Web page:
The Supreme Court promoted price competition in legal services when it held that the Sherman Antitrust Act of 1890 prohibited state bar associations from setting minimum fees for legal services.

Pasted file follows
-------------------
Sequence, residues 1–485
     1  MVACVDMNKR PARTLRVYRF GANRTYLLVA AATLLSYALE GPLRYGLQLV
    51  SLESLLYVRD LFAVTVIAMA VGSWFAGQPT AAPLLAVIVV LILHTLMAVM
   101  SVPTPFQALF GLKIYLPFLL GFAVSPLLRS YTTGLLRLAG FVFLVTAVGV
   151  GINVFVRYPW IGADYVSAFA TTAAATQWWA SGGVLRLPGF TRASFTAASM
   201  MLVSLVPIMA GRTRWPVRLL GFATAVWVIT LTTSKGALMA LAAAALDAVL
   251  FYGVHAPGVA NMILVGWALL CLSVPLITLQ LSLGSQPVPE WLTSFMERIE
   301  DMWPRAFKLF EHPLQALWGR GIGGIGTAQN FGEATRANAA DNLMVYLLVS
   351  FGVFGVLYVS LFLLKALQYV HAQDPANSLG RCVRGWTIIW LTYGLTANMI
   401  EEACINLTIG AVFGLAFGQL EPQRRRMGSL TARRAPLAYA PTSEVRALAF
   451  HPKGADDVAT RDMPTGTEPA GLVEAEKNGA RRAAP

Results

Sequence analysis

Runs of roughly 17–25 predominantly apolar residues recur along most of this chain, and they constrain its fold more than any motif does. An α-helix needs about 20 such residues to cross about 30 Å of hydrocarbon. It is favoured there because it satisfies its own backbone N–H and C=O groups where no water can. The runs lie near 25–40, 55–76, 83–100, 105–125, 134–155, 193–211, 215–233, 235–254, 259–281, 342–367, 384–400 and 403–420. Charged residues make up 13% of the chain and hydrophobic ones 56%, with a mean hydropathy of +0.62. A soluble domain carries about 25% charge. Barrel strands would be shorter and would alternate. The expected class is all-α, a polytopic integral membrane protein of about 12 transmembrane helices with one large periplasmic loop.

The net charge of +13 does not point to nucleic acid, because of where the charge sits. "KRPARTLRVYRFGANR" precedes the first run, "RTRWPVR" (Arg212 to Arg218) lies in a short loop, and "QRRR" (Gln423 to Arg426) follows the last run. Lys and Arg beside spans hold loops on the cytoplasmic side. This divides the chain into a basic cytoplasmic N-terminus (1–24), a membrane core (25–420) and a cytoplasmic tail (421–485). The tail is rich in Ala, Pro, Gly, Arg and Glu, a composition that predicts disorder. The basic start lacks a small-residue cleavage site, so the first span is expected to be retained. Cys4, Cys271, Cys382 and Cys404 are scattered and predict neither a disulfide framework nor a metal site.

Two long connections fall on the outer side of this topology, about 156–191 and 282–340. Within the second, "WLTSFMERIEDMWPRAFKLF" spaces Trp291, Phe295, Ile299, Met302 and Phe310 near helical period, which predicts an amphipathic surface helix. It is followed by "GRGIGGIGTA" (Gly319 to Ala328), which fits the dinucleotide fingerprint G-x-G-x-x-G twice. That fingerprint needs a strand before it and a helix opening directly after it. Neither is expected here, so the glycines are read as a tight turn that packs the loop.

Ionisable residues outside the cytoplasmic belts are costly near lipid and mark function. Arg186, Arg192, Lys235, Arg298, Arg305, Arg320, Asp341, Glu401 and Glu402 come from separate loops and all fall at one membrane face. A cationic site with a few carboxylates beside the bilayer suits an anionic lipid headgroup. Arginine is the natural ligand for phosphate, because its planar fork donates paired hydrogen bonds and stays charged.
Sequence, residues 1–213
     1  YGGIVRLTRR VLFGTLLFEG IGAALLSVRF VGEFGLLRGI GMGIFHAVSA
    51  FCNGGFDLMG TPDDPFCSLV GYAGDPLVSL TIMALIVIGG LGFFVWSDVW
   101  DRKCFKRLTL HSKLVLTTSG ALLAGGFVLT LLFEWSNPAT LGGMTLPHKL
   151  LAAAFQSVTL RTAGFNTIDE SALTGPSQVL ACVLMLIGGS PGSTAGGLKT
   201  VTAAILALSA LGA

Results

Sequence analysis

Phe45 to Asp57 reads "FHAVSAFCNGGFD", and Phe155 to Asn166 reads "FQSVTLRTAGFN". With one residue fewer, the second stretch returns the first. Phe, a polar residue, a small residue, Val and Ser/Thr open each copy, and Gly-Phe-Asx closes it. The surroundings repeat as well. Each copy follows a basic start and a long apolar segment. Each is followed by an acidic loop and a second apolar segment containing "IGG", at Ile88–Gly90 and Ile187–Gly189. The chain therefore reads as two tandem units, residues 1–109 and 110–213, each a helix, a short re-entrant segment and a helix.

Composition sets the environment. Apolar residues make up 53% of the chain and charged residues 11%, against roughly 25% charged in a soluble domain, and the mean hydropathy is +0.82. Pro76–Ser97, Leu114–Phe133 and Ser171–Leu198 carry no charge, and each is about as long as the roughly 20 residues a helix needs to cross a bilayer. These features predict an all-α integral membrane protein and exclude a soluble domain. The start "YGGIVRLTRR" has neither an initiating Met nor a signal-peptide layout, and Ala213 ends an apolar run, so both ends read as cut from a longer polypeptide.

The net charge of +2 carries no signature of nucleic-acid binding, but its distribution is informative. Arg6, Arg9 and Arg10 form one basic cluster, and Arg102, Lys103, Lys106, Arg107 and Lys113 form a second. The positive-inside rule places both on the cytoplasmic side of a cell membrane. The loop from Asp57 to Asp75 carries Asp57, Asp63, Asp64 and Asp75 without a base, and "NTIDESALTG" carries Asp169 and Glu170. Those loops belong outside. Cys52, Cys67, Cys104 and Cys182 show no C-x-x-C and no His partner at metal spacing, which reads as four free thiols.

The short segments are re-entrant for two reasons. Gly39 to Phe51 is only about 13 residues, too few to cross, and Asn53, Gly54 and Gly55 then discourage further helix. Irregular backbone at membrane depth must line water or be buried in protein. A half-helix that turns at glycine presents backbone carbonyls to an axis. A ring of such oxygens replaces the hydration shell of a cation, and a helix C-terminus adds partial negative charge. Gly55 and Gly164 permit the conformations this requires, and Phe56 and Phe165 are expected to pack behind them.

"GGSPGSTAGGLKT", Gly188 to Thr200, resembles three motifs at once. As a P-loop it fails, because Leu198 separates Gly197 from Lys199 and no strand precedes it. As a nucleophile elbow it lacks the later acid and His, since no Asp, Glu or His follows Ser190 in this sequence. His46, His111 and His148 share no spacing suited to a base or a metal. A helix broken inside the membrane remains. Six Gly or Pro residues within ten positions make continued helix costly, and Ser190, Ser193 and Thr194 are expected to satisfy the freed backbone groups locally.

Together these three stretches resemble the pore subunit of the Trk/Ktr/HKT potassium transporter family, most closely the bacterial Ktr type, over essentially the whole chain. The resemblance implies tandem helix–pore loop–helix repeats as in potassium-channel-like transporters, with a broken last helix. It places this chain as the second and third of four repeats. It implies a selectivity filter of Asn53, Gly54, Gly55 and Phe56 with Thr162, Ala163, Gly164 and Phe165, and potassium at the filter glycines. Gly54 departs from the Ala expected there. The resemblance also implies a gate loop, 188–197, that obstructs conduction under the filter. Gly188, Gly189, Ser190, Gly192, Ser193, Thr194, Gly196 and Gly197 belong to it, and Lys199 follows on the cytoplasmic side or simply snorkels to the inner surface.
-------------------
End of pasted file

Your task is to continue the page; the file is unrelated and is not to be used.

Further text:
The Virginia Bar Association enforced minimum fee schedules for services set by the county bar associations. Lawyers were threatened with disciplinary action for regularly charging less than the posted fees. The Goldfarbs sued the state bar association for illegal price fixing after they were unable to find a lawyer to perform a real estate title examination for less than the minimum rate. Speaking for an 8-0 majority, Chief Justice Warren E. BurgerBurger, Warren E.;Goldfarb v. Virginia State Bar[Goldfarb v. Virginia State Bar] upheld the challenge and rejected the association’s contention that the Sherman Antitrust Act did not apply to the “learned professions.” He noted that many of the funds for purchasing homes came from other states, and therefore, the issue fell under the purview of the commerce clause. The Goldfarb decision was primarily significant in regard to relatively routine legal services.Sherman Antitrust ActAntitrust law;Goldfarb v. Virginia State Bar[Goldfarb v. Virginia State Bar]Sherman Antitrust Act

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